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Title: P. Mulligan, Liverpool to Rev. James Birmingham.
CollectionIrish Emigration Database
FileMulligan, P/38
SenderMulligan, P
Sender Gendermale
Sender Occupationunknown
Sender Religionunknown
OriginLiverpool, England
RecipientRev. James Birmingham
Recipient Gendermale
Relationshipprob. not acquainted
SourceThe Nation (Dublin), 15 May 1852
ArchiveThe Central Library, Belfast
Doc. No.201126
Partial Date
Doc. TypeLET
LogDocument added by LT, Td by Peter Best, 07:01:02.c
Word Count904
Note(writes about emigration)
We wish this letter could reach our whole people. It
ought to be posted in all our seaport towns by the League
as a warning to emigrants whither they are rushing. It
ought to be heard of on every hustings as an incitement to
electors to settle the Land question, and maintain a hold
on the country. The Rev. gentleman to whom it is addressed
and who has sent it to us for publication, is a surety for
the writers good faith; his facts, being facts, speak for

70 Devon-street, Liverpool, May 4, 1852.

Rev. Sir - Having seen a paragraph in one of this town's
newspapers, in which it was stated that you had cautioned
your parishioners against emigrating to America, and that
emigration to that (or any other country, I presume,) led
to heresy and atheism, I beg leave to obtrude upon your
notice the following, which may, perhaps, should you make
use of it, deter some of your flock from crossing the
Atlantic. I have been in America, and have only lately
returned from it, (last March) and from what I have seen of
the country I must say, so far as I am capable to give an
opinion, that your caution was just. I have been in the
cities of New York, Philadelphia, Boston, Baltimore,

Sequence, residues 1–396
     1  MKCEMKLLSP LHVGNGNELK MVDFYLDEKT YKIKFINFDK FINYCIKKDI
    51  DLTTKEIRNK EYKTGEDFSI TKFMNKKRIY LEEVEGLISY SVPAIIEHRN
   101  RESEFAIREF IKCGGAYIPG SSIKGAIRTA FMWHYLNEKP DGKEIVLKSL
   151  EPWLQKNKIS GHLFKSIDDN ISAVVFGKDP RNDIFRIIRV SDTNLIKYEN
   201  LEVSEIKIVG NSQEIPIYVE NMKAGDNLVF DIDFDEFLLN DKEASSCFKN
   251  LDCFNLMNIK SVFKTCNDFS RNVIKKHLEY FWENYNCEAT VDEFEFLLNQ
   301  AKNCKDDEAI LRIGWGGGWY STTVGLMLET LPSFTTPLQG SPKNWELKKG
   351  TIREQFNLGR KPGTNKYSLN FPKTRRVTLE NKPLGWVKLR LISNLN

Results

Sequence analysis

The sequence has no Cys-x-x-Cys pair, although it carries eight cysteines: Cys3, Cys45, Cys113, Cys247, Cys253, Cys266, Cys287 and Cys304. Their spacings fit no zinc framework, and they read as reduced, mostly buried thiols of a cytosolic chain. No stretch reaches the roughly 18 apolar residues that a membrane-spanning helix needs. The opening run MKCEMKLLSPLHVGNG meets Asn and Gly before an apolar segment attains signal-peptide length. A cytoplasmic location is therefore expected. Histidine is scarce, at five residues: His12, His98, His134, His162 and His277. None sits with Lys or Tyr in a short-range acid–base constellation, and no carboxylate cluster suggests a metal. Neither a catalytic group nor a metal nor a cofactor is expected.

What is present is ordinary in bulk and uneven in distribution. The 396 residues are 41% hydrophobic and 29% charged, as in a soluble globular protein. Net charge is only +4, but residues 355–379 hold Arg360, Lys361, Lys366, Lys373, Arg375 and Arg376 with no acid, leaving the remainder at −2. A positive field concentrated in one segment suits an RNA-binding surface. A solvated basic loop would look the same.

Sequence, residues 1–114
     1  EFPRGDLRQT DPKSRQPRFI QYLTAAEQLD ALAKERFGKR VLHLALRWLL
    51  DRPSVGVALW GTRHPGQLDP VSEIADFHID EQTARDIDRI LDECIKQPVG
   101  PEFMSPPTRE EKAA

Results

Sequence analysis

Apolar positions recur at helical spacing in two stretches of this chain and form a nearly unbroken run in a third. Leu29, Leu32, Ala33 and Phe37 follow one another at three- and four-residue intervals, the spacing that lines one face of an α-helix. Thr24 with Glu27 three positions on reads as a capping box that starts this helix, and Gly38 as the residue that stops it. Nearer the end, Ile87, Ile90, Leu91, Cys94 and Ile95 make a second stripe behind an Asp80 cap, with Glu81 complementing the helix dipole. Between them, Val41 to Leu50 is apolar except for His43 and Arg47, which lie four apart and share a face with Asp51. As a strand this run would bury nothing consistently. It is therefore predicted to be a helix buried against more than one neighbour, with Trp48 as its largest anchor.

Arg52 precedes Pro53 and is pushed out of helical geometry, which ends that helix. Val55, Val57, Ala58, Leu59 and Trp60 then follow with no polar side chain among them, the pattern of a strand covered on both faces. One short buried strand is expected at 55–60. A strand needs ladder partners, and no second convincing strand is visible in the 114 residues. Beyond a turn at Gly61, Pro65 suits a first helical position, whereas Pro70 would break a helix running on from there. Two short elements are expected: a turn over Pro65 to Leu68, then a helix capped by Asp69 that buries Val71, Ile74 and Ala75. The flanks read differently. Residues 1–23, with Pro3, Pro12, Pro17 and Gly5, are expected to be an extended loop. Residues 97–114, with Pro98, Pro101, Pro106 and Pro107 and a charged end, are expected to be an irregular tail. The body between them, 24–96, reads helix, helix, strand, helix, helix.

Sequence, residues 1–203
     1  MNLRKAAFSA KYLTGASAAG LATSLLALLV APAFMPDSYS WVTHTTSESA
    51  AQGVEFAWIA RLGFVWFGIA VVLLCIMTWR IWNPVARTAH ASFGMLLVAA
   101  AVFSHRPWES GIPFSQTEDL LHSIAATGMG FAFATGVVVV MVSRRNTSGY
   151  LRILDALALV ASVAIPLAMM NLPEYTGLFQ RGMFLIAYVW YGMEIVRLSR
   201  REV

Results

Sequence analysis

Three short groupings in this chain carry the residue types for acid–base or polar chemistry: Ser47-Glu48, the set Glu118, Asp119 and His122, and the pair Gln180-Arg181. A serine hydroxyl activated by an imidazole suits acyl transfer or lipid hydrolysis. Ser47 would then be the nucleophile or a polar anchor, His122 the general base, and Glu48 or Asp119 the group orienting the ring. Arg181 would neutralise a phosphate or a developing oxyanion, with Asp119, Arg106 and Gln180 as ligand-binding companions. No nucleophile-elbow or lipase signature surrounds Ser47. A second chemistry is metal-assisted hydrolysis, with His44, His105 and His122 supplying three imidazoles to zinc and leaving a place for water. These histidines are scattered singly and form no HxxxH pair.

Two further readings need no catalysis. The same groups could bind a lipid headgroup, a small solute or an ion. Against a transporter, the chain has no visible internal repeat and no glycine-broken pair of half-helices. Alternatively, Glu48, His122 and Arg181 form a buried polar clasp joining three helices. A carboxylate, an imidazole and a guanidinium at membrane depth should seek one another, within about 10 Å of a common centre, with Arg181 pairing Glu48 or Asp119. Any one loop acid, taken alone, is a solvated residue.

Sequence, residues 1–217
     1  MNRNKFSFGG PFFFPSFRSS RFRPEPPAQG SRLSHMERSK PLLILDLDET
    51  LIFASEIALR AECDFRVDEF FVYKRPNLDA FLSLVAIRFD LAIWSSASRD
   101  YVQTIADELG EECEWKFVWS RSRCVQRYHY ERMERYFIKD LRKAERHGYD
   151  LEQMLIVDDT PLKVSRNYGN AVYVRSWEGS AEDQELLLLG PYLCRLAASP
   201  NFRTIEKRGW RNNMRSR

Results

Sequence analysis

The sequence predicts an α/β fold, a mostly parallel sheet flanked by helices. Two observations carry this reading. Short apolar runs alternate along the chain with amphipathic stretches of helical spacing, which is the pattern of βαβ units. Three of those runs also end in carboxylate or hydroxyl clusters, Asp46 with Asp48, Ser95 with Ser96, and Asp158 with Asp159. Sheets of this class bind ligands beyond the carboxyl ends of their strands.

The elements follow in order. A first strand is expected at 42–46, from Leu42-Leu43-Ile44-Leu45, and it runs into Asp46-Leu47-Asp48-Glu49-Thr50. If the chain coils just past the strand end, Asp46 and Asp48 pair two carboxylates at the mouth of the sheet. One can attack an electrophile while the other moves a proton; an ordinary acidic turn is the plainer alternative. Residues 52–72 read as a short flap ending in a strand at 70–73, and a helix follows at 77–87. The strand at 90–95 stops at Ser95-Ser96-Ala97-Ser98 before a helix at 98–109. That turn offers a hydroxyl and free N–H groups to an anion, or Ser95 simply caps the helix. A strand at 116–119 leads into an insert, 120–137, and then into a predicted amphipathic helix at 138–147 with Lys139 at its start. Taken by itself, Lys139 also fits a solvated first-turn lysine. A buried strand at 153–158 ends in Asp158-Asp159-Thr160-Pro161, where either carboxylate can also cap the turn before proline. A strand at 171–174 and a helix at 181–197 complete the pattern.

Cincinnati, Washinton, Pittsburg, Harrisburgh, Jersey City,
Cleveland, Charleston, and several other places, in every
one of which I have witnessed as much misery and want as I
have seen in any part of Ireland. There are tens of
thousands in that country who would gladly return if they
could but raise the required funds. About seaport towns
in particular, there are swarms of idle persons who cannot
get employment, and who resort to any and every scheme
for obtaining a livelihood - murder and robbery, even
in the open streets and in broad daylight. Of course,
thousands, on the contrary, find employment in America,
particularly at farming, upon railroads, and in the loading
and unloading of the vessels of all nations. But if some
are successful, there are many who are not, and who wander
about, from state to state, without bettering their condition.
On the railways they have their parties of Corkonians and
far-downs, who, instead of pulling on peaceably together,
leave their work and commence regular faction fights, using
every sort of weapon they can lay hands upon. On the shipping
wharves one must be strong, active, and powerful, and capable
of enduring every sort of abuse and ill usage, before he has a
chance of making a dollar. In the farming you have to learn